Author: Riley Kimball
On July 1, Chapman University was officially accepted as the ninth and newest member of the Southern California Intercollegiate Athletic Conference (SCIAC) after SCIAC officials voted unanimously to add the Panthers to the conference. Previously unaffiliated with any athletic conference, the Panthers competed with various Division III schools but had no consistent schedule.
Their new standing in SCIAC will allow them to develop an official ranking and offers the other SCIAC teams a new opponent to deepen rivalries.
Occidental Athletic Director Jaime Hoffman explained the background of the decision to admit Chapman to the SCIAC, stressing the scrutiny that a school goes under in order to join an athletic conference.
“We, as a conference, take pride in being mindful of academic demands while providing a quality and competitive scholar-athlete experience,” Hoffman said.
The SCIAC committee considered everything from Chapman’s sports sponsorships to financial aid to athletic facilities, and they were able to make an informed decision accordingly.
Under the terms of their acceptance, Chapman’s athletic teams will be ineligible for championships for two to three years.
Additionally, the Panthers will be required to add a number of sports they currently do not offer. Women’s lacrosse and men’s swimming and diving currently exist as club sports at Chapman and will join men’s track and field and women’s golf as full Panther varsity teams by the 2015-2016 academic year.
The first new SCIAC entry in 20 years, Chapman has already started the fall season and has had a number of encounters with Occidental athletics.
Chapman has so far fared well in its competitions with Occidental. While Occidental volleyball beat Chapman, both women’s and men’s soccer fell to the Panthers. Nevertheless, women’s soccer coach Colm McFeely feels that Chapman’s contribution to SCIAC is positive.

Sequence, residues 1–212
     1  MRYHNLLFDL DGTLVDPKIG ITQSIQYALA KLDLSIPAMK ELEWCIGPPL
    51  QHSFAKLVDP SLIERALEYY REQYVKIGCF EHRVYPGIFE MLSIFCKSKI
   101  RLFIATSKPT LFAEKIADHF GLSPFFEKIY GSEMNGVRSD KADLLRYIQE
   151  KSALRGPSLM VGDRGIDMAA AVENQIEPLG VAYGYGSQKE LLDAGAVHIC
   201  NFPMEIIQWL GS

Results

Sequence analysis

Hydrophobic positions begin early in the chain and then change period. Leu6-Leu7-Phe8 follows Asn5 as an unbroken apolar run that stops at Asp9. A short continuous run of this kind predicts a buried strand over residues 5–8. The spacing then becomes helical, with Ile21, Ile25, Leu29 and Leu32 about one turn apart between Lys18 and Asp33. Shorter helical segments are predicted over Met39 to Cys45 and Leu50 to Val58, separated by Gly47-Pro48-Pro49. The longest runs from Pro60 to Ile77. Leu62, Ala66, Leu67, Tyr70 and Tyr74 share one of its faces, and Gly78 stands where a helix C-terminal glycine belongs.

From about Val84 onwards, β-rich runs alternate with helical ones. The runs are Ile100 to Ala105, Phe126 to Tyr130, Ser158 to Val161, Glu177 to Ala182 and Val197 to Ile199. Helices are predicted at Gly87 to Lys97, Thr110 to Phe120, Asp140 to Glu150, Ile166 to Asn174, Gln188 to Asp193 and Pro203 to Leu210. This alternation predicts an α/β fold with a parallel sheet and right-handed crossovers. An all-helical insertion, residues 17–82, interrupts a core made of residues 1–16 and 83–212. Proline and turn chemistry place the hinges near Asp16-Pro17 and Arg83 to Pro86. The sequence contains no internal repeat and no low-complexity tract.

“Last year we played them and beat them, and this year they beat us. The presidents and athletic representatives of SCIAC have given this thing a really solid look, so I don’t think we’ll have any problems with upsets in balance of competition,” McFeely said.
Many Occidental athletes are also excited about playing Chapman on a more frequent and official basis.
Women’s cross country captain Anna Dalton (senior) thinks that welcoming Chapman into the SCIAC will make for enhanced competition.
“We’ve been competing against Chapman in invites as long as I’ve been a runner here,” Dalton said. “So adding them to SCIAC competition won’t be such a big change but will add greater depth to the SCIAC field.”
Chapman will look to immediately contribute to the SCIAC and have success against key components, namely Occidental, who has rivaled Chapman in recent years. Tiger athletic teams will next face Chapman in women’s volleyball on Sept. 24 and men’s water polo on Sept. 25. All of Occidental’s athletic teams look forward to facing Chapman in the new context that will slate the Panthers as a true SCIAC opponent.
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